- Date: 22 April 2023
- Distance: 10 miles
- Start: Whiteways Lodge Roundabout CP
- Leader: Sandy Arpino & Lynne Burge
Petersfield Ramblers visit Bignor Roman Villa
One Saturday in late April a group of Petersfield Ramblers set off on a 10 mile circular walk over the beautiful chalk hills of West Sussex to visit Bignor Roman Villa. Many of the walkers had not seen the villa before, so there was a real air of anticipation.
The venture began in Whiteways Lodge Roundabout car park, 3 miles north of Arundel. We set off at a keen pace, climbing gradually up through woodland, on a defined route strangely named “The Denture”. After a couple of miles we briefly joined the South Downs Way, before branching off to the north-east, past prominent mobile towers that marked the peak of our steady ascent. Time for some welcome downhill !
The long descent to the little village of Sutton offered a few obstacles as well as some delightful tracks. We started on exposed chalk, taking care not to slip, before entering an enchanting, leaf-strewn, sunken lane. Unfortunately horses had churned up the wetter patches and it proved impossible to avoid muddy boots – but help was at hand. We soon found ourselves paddling through the waters of a clear, shallow stream which washed away the mud, leaving our boots pristine.
The village of Sutton was charming with its many thatched houses, converted barns and neat gardens.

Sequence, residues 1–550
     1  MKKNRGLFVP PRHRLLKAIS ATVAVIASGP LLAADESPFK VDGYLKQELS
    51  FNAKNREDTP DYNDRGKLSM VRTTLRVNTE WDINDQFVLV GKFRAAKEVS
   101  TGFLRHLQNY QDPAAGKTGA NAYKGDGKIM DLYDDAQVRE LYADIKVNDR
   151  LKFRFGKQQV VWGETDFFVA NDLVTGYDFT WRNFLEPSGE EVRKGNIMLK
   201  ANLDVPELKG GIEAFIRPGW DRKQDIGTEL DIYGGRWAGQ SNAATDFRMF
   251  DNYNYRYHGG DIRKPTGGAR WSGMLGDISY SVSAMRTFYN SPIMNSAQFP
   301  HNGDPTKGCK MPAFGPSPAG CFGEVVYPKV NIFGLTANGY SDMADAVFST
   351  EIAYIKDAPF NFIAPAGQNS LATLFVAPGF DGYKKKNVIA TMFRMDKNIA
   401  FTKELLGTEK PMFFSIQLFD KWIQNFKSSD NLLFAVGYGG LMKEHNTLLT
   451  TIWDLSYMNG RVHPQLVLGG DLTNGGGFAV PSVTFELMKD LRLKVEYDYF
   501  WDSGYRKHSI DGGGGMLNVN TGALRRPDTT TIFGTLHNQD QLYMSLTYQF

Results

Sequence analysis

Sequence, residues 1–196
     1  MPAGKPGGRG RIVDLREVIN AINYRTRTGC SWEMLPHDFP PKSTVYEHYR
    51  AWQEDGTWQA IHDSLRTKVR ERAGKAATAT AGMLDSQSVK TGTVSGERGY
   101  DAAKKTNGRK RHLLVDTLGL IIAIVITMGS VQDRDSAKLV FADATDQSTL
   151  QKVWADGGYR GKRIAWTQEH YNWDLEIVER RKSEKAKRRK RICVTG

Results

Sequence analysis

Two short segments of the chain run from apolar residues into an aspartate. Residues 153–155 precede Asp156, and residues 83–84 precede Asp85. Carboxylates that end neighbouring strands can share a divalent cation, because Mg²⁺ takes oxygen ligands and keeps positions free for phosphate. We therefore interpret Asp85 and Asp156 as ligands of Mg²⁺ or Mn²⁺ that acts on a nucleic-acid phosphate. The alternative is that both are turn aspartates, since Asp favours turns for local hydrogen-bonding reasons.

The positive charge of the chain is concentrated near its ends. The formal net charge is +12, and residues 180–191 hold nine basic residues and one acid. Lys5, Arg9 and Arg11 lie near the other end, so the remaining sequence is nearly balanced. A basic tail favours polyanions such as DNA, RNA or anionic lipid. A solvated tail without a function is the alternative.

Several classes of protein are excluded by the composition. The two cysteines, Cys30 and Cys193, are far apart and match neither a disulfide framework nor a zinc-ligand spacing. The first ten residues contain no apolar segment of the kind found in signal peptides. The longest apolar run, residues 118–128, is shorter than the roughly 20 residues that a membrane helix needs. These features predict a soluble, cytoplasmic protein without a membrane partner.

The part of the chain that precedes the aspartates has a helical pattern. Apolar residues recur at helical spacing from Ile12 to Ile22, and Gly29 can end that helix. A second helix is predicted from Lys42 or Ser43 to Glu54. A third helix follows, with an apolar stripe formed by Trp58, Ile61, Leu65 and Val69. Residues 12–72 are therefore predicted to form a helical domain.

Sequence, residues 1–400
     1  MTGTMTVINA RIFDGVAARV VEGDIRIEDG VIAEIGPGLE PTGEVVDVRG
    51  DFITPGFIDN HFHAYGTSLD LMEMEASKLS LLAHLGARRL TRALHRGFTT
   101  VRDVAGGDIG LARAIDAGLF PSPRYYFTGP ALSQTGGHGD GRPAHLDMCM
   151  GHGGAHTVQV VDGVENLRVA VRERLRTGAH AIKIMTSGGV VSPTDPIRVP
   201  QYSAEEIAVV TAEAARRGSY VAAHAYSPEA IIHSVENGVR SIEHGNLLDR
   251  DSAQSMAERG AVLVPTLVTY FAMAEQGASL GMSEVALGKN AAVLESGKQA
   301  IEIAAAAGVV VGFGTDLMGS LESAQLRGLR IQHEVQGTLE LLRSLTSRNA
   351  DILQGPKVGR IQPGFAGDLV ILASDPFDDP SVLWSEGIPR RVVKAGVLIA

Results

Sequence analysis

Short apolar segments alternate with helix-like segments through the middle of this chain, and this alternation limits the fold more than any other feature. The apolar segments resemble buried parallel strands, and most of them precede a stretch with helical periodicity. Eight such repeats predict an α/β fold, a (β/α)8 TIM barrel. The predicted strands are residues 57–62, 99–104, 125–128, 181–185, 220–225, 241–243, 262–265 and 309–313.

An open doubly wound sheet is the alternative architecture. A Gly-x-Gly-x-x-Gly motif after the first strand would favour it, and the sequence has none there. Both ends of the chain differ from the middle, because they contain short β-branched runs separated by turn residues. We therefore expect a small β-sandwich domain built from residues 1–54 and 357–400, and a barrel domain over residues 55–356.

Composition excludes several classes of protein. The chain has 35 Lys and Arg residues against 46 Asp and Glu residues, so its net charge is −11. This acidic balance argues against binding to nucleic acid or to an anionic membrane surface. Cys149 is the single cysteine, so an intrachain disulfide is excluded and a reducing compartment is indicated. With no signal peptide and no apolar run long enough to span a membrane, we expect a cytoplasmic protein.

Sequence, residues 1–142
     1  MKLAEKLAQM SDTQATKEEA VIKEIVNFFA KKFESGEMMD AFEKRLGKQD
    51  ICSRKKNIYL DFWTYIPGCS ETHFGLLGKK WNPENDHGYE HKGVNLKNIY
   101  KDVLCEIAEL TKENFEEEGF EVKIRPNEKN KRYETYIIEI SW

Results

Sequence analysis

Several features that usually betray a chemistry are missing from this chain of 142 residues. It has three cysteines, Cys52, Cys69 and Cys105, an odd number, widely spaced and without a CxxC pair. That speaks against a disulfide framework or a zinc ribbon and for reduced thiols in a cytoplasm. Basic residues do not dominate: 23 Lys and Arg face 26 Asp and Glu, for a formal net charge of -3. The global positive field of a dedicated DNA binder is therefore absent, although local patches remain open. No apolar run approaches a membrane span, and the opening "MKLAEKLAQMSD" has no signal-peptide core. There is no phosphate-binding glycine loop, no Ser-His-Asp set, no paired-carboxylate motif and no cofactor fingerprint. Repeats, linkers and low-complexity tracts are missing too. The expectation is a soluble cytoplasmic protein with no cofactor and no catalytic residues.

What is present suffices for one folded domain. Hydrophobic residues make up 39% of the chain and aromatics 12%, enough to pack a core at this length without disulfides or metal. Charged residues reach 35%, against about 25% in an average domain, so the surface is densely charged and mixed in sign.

But Bignor village – our next port of call – wasn’t to be outdone! Its old cottages were every bit as attractive, as was its Norman church, recorded in the Domesday Book.
Crossing arable fields, finally the Bignor Roman Villa site came into sight. It is so superbly set in a dip, surrounded by rolling chalk downs, that it’s easy to understand why a wealthy Roman decided to build a villa there. Now you are greeted by modest, low lying, thatched roof buildings encircled by broad expanses of grass. The villa was built around 300 AD and in its final form consisted of around sixty-five rooms surrounding a courtyard, with a number of outlying farm buildings. George Tupper, a farmer, discovered the villa in 1811 when his plough hit a large stone. After excavation, the villa opened to the public in 1814, rapidly becoming a tourist attraction. The rooms on display today contain some of the best Roman mosaics in the UK, in terms of preservation, artistic merit and detailing. Indeed a few of the mosaic floors have required barely any restoration work: they are viewed as they were found.
Refreshed by our rucksack lunches – supplemented by purchases from the site’s café – we took our individual tours around the villa, each of us fascinated by different facets. That said, the mosaics hugely impressed us all.
After a thorough look round it was time to make our way back to our cars. Following the flat path of the West Sussex Literary Trail – passing pungent areas of wild garlic and deep-blue English bluebells – we arrived at another picturesque Sussex village: West Burton. Then leaving the country road behind, we turned south, trudging up a very steep incline to regain the top ridge of the South Downs.
On arrival at the car park we were astonished to find more than fifty motorbikes gleaming in the sunshine. This is clearly a meeting point for riders. So we concluded our invigorating day out by enjoying well-earnt tea and cake – amongst the bikers – while one of our members told us tales of her days as a ‘biker girl’!
Author & Photographer: Sandy Arpino